I spent yesterday afternoon at Fort Funston, roaming north and south along the beach below the bluffs, admiring the beauty of black sand bleeding into white, and scaling the graffitied concrete housing of the storm drain. It’s a stunning place, with the peachy cliffs of sand towering over you and endless ocean opposite. From the top you can watch hang gliders diving low over the parapet and rising back up on the airstreams.
I rode the late bus home tonight. Two AM from Mission and 16th back to the Panhandle. On the 5, I was sitting in front of two men having this conversation, which I had the gross displeasure of overhearing.
Our eyes met, separated by a thin pane of glass and 10 feet of concrete, but entire galaxies couldn’t fill the gap in our individual experiences. I was sitting in the backseat of a car, head leaned against the glass, enjoying the infrequent luxury of quiet and comfort in a cab on my way to work. I saw him as my car slowed for a red light, hunched with one other man on the sidewalk nearby. He was my age, dressed casually with the patchy start of a bleach blond beard. He appeared nervous, as if on edge, but friendly. His head rose and made a quick assessment of his surroundings. He saw me staring, but I held my gaze; when he looked back a heartbeat later, he held his. We shared three tantalizing seconds of eye contact; I can’t know what he saw in my look, but in his I read fear, or perhaps surprise at receiving such direct attention. I looked away first, feeling uncomfortable for a reason I didn’t understand, and in my periphery I saw him bow once again to the crack pipe.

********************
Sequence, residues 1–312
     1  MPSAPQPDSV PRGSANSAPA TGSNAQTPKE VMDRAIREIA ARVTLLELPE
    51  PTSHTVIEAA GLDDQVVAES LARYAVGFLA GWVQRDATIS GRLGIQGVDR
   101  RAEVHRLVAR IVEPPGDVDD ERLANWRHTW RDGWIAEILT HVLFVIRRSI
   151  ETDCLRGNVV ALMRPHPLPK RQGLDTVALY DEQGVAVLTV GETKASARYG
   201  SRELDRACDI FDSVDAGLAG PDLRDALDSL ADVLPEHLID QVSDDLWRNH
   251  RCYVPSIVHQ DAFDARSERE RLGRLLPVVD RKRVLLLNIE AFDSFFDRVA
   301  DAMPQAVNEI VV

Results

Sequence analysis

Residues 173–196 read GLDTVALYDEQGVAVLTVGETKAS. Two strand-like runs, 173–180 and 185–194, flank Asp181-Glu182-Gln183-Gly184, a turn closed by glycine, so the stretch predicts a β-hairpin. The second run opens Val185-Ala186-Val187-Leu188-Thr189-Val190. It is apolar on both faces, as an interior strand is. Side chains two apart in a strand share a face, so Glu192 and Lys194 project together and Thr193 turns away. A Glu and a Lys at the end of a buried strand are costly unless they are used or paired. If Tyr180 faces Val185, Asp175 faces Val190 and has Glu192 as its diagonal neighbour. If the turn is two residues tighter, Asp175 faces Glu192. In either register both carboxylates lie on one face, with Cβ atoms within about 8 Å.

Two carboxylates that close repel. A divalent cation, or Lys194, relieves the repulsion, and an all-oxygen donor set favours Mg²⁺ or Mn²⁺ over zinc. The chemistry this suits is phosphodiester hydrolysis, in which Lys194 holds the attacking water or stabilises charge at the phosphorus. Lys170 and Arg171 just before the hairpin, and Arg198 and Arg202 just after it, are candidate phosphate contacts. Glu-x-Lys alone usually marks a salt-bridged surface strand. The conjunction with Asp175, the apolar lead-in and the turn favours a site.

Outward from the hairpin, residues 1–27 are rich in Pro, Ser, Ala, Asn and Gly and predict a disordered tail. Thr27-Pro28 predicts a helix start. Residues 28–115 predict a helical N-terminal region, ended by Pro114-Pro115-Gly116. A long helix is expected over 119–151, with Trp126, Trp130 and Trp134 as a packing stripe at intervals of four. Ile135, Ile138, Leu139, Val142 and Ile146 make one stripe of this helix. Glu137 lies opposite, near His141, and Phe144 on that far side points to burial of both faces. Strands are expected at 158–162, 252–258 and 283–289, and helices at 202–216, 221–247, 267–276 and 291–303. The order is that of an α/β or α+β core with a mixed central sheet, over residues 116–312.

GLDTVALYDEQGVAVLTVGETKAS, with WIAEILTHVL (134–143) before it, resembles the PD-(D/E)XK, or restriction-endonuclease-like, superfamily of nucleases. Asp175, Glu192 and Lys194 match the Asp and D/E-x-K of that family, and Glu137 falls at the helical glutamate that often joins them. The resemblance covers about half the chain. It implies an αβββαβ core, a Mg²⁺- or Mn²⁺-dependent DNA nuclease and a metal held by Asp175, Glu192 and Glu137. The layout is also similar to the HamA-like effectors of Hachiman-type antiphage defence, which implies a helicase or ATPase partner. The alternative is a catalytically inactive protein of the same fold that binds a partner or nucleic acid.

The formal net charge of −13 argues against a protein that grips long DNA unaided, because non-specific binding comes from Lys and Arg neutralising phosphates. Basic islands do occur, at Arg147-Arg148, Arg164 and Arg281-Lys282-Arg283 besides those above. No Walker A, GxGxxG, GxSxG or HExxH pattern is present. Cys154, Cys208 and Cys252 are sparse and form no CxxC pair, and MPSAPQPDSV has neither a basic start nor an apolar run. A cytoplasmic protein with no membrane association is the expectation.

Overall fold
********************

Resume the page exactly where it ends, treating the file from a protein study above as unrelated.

It was just after 4am when I turned the light off. This was last night, and as I consciously attempted to quiet my brain, I lay on my stomach and willed myself to sleep. My third consecutive day spent, in its entirety, at work. My eyes fluttered shut and I felt thankful that I’d get a full five hours of sleep. Now it’s nearing 1am, just about 24 hours later, and I’m overeagerly writing in anticipation of the sleep — a glorious 8 hours or more tonight — that will follow.
I tried and tried, but I can think of nothing sexier than riding the bus. I was once enamored by the golden chariots, hailed at the curb and made to whisk us about as we lounge in the hushed, leather interior, but I grew lonesome. I longed for the bleeding humanity of close quarters and the tiny moments of eye contact. The subtle body contact of sitting side-by-side, unified by the pureness of simply living.